Government suffers defeats over Pension Schemes Bill

For intermediaries only 

Amendments to the Pension Schemes Bill passed by peers in the House of Lords will see a wide-ranging suite of reforms for the pensions industry draw another step closer.

The much-anticipated changes to The Pension Regulator's (TPR) powers, pensions dashboard regulation, new-style collective defined contributions, and climate change initiatives have been well-trailed over the past three years.

But Lane Clark & Peacock partner Steve Webb has said the government will now face"difficult decisions" after there were also four defeats in votes last night.

Two of the defeats were on the provisions for a pensions dashboard, while one related to CDC pensions, and another on defined benefit scheme regulation.

Webb said:"It is unusual for the government to be defeated so many times on what has until now been seen largely as a non-controversial piece of legislation.  This suggested that they have misjudged the mood on some of these issues and have failed to listen.  The government now needs to address the concerns raised by members of the House of Lords so that this important legislation can progress.

Baroness Ros Altmann said the government should be commended on its work thus far however, with the proposals introduced last night addressing"many vital aspects" of consideration.

With regards to the pensions dashboard, peers voted in favour of an amendment stating that the dashboard will not include a provision for financial transaction activities such as transfers or consolidation.

Altmann said:"The Bill paves the way, at last, for a pensions dashboard, to help people see all their pensions in one place; this can help consumers plan their retirement income with fuller information about the money that have saved so far."

Aegon head of pensions Kate Smith added:"The purpose of pension dashboards is to let savers see all their pensions online in one place. This will be a valuable way of savers keeping track of their pensions."

A further amendment, which passed with 270 votes to 236, will ensure that the dashboard will have to be operational for 12 months in a publicly owned state before commercial services can operate. Under this amendment, the government will also need to report on progress of the dashboard's operations and effectiveness.

Altmann said:"Pension dashboards run by commercial operators will not be allowed to enter the market until the publicly-run, unbiased Money and Pensions Service (Maps) dashboard has been up and running for at least a year, and we can see how it works. This will allow consumers to become used to the concept of dashboards, find their way around their pensions and have some guidance as to their possible options for the future."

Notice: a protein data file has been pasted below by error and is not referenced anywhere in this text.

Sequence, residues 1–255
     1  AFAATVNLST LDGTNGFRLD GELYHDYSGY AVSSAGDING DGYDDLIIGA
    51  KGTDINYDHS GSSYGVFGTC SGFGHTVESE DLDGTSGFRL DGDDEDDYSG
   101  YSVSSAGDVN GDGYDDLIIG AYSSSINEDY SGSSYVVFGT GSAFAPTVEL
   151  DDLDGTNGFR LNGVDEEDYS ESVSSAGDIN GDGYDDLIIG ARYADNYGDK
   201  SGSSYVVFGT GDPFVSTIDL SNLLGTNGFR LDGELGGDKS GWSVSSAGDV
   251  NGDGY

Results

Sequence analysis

She continued:"Given the enormous amount of sensitive private information, it seems right that commercial operators are not competing with the public dashboard from day one. There are hundreds of billions of pounds of taxpayers' money in these pension schemes too. With the rise in numbers of people who may be tempted to cash in their pensions, or buy other financial products that might not be right for them, it is more important than ever to ensure their pension funds are better safeguarded and the measures in the Pension Schemes Bill will help in this regard."

This comes with Maps currently part way through a six-week period of informal market engagement with potential suppliers of digital architecture for the long-awaited dashboard project.

Smith said:"Pension scams are on the rise, and this is a risk well-recognised within the pensions industry, which is why we've called for regulations to protect savers using pension dashboards. All dashboards must be regulated and meet high standards to protect members from scammers. This should include having the ability to stop transfers when suspicious activity is triggered by warning systems."

Tabled amendments now also confirm trustees of CDC schemes would have to report on the fairness of the scheme to all members, while a regulatory approach be taken to ‘open' DB schemes.

Webb said:"In particular, it needs to make sure that the new funding regime proposed for open DB schemes does not have the effect of driving them to close."

The Pension Schemes Bill is expected to be passed to the House of Commons in the coming weeks. The government is then able to reject the amendments, offer alternatives, or accept them in full.T

Altmann said:"As the Bill has gone through the Lords scrutiny, the government has listened carefully to concerns from all sides of the House and introduced its own excellent amendments along the way.

"The Bill was already much improved [and] is a significant step forward; I hope that the government will not try to reverse any of these important measures."


This article was written by Hope William-Smith for Professional Adviser and was legally licensed through the NewsCred publisher network. Please direct all licensing questions to